88 Julien THERY, "Fama: l'opinion publique comme preuve judiciaire. Aperçu sur la révolution médiévale de l'inquisitoire (XIIe-XIVe s.)", in Bruno LEMESLE (ed.), La Preuve en justice de l'Antiquité à nos jours, Rennes, 2003, pp. 119 - 148.         [ Links ]

89 CHIFFOLEAU, op. cit., p. 67: "La procedura scritta, quando viene aplicata con tutto il suo rigore (e si è già sottolineato che questo caso si verificava molto raramente nella Francia del nord nel Medioevo, ma, per necessità di dimostrazione di dimostrazione ammetiamo che questa situazione limite esistesse realmente), quando passa della informatio alla cosidetta inquisitio, mediante il gioco della redazione degli articoli, delle positiones, uccide la voce viva dei testimoni e degli accusati. Essa penetra in un sistema di verità che non è propio più quello della narrazione ed impone il silenzio. Non propio il silenzio ingannevole che circonda l'eresia e l'indecibile, ma quello esenziale e positivo che circonda sempre i misteri, gli arcani del potere. La Maestà, e Kantorowicz l'aveva ben sottolineato a suo tempo, è sempre circondata dal silenzio. In senso stretto, a partire dal momento in cui, nella procedura straordinaria, vengono redatti gli articuli dell' inquisitio (che frazionano, rompono, ricompongono le narrazioni raccolte nell' informatio), non c'è più dialogo tra il giudice e l'accusato, che piaccia o meno coloro che prendono gli interrogatori degli inquisitori per inchieste etnografiche". On the arcana of power cf. Ernst KANTOROWICZ, "I misteri dello Stato" in Gianluca SOLLA (ed.), I misteri dello Stato, Milano, Marietti, 2005, pp. 187-223.         [ Links ]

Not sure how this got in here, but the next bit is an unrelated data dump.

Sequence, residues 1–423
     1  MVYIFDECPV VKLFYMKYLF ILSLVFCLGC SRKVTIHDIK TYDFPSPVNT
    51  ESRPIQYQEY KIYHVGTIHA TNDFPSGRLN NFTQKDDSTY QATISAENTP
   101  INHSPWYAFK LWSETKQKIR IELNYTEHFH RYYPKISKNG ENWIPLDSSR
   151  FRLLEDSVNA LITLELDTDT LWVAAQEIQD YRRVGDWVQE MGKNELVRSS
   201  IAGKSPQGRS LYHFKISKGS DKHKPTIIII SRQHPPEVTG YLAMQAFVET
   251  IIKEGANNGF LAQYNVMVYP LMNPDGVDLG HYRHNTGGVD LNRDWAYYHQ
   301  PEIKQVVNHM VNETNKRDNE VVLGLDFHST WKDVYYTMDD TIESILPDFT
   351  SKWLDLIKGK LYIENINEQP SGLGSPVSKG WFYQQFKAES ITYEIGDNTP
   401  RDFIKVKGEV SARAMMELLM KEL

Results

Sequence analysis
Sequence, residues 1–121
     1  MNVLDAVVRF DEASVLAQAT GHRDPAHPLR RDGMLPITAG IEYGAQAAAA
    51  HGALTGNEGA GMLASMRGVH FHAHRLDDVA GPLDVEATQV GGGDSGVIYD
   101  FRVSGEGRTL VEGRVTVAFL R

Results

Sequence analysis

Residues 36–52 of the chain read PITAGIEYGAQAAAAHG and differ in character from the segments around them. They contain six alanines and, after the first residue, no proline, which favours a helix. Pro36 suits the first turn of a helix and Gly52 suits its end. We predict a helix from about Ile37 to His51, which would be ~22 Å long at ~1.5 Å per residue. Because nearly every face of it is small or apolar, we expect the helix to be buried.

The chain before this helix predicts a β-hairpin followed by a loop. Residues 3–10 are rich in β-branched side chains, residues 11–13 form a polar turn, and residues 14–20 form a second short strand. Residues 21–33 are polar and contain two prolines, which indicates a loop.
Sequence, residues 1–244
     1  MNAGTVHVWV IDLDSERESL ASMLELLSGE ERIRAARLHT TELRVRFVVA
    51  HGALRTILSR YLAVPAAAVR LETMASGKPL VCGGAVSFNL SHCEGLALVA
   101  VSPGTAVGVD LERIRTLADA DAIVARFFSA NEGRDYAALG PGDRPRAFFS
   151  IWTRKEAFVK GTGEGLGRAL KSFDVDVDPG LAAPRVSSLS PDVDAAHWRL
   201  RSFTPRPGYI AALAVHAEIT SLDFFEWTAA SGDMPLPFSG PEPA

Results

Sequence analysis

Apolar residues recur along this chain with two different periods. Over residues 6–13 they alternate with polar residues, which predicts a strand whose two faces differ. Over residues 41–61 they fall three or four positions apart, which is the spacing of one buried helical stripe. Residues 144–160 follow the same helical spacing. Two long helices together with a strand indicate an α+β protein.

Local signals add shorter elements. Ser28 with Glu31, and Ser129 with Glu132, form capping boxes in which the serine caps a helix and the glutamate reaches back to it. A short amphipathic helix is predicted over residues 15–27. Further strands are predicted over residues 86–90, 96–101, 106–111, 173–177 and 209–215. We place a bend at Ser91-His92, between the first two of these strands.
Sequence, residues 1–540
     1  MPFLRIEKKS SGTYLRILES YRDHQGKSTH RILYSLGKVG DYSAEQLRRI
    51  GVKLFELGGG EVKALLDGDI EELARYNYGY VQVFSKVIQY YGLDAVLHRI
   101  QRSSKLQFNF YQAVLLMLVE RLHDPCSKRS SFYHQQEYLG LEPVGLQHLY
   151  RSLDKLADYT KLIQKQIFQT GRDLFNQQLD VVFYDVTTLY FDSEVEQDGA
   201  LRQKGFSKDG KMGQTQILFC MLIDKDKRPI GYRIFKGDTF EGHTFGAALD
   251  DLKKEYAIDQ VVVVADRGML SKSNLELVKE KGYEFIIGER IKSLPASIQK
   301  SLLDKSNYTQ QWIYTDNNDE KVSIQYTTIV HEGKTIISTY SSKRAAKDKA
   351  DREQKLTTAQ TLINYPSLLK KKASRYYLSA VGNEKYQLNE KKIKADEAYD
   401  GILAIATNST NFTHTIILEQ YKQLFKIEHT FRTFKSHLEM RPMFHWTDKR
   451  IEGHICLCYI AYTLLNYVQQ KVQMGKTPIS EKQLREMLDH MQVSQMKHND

90 CHIFFOLEAU, op. cit., p. 69: "A traverso l'espediente della procedura straordinaria, di cui si sa che fa dire la verità e che raggiunge le zone più intime e segrete della persona, si può dunque instaurare la Maestà nel cuore di ogni suddito". Cf. also Jacques CHIFFOLEAU, "Le crime de majesté, la politique et l'extraordinaire. Notes sur les collections érudites de procès de lèse majesté du XVIIe siècle et leurs exemples médiévaux", in Les procès politiques (XIVe-XVIIe). Actes du colloque de Rome (20-22 janvier 2003), Rome, Collection de l'Ecole française de Rome, 2005.         [ Links ]

91 Constantin FASOLT, "William Durant the Younger and Conciliar Theory", Journal of the History of Ideas, 58/3 (1997), 385-402 and was surprised to find that in the countries were conciliar ideas had taken a stronger hold (France and Germany) there was less resistance to absolutism.         [ Links ] Regarding the review of the conciliar argument on the indivisibility of the plenitudo potestatis from an absolutist standpoint in the 15th century cf. TIERNEY, "Divided Sovereignty…"; IZBICKI, "Papalist Reaction to the Council of Constance…" and Katherine ELLIOT VAN LIERE, "Vitoria, Cajetan and the Conciliarists", Journal of the History of Ideas, 58/4 (1997), 597-616.